It only took about two and a half hours but I was now ready to experience the future of gaming through the eyes of Nintendo.
The Wii UI
The original Wii used a grid based menu setup that contained all the games and Nintendo apps downloaded from the store. This is the screen that displays on the gamepad's touch screen. The image on the television screen is a bit more substantial as it lists a number of games and apps that, I assume, are currently being used by other players. What's nifty about this screen is how it uses Miis to give a visual representation of how many people are using that software at that moment. For the first few days, the largest crowd seemed to be hanging out under the Super Mario Bros. U banner (not so surprising) while the second largest grouping fell under Netflix. You can explore the individual communities by switching screens and interacting with the touch pad. From the community screens, you can view posts left by other gamers and send out friend requests.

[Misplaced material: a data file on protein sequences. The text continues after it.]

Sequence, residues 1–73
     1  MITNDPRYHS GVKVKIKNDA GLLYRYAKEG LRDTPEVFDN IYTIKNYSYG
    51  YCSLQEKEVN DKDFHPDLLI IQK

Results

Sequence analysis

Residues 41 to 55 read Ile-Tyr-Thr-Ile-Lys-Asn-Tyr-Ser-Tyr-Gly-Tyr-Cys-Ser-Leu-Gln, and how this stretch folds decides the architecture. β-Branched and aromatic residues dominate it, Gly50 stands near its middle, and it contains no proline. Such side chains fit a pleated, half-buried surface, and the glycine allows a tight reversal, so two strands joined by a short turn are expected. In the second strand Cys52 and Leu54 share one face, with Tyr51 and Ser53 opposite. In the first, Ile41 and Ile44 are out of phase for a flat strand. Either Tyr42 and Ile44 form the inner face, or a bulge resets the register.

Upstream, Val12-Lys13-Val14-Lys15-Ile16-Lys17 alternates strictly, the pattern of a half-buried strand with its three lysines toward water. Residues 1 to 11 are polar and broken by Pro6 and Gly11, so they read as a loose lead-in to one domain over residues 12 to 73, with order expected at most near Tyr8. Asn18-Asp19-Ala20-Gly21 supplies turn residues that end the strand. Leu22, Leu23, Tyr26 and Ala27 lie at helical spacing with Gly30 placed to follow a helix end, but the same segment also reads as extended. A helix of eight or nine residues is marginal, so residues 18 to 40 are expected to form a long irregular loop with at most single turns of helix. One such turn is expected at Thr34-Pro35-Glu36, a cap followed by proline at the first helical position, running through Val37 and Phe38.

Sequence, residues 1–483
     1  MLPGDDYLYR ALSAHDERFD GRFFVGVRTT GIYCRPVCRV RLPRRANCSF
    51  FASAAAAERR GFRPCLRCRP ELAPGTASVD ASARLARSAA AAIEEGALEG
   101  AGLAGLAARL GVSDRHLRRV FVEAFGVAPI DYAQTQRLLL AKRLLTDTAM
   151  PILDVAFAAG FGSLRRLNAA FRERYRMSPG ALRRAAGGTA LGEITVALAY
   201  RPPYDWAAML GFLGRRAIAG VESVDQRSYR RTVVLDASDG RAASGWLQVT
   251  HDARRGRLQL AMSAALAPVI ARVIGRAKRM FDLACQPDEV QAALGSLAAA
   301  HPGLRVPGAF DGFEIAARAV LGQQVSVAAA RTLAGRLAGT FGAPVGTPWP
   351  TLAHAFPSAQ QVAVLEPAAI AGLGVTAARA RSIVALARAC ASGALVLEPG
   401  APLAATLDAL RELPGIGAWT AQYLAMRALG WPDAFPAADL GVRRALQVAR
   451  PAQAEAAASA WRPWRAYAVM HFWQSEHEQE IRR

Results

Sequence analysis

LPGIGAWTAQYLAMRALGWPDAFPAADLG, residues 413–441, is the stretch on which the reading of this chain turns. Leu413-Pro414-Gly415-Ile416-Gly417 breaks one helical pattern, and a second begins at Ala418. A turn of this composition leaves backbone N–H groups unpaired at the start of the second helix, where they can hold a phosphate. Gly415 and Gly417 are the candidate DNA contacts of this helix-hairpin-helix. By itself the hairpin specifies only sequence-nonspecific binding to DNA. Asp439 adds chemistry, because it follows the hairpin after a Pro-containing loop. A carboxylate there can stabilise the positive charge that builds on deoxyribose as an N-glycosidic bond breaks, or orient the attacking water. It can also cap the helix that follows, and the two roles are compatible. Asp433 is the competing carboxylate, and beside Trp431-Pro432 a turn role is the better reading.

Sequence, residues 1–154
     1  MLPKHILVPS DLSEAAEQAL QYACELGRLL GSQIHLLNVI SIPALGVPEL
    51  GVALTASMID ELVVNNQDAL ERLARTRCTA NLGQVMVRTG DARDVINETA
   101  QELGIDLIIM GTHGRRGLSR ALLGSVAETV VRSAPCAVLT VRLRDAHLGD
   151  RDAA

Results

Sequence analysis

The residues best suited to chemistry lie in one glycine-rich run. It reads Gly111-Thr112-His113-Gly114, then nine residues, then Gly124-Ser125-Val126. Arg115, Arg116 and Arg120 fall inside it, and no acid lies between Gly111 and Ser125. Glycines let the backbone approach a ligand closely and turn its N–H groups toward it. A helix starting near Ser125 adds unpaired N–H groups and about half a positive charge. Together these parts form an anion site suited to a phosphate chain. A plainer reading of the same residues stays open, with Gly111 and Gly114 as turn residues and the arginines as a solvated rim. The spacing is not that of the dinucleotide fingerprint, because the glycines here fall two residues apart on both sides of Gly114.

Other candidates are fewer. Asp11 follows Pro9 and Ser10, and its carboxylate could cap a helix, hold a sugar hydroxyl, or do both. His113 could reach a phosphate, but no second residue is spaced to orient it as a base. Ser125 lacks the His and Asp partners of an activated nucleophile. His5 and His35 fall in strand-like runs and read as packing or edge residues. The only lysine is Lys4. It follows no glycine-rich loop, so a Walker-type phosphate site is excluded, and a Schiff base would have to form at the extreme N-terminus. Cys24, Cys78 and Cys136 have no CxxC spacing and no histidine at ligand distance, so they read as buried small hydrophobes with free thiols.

There isn't much to the Wii U's front end and that's probably for the best as the "no fuss no muss" design is suitable for gamers of every skill level. The only real oddity is Wii emulation as it exists separately from the Wii U's interface. In order to play original Wii and WiiShop titles, you'll have to tap open the Wii icon and break out a Wii-mote (I no longer had mind so I couldn't test it out properly). According to the Giant Bombcast a week back, the Wii U and Wii software suite do not interact with each other at all. So if you buy a Wii Points card and activate it, those points will only show within the Wii emulation software rather than the Wii U's eShop. A very particular solution but I'll withhold judgement until I can try it myself.
My Wii U launch titles ended being Nintendo Land (came with the Deluxe Edition), ZombiU and New Super Mario Bros. U (because why the fuck not). The real reason I wanted a Wii U, Rayman Legends, got pushed back so I used Mario as a plan B. The only letdown with the games were the day one patches for each and while they did include estimated completion times, they were useless. "Less than 1 minute" often meant two minutes in reality. Still, the nice thing is that games can still be played while the update is downloading.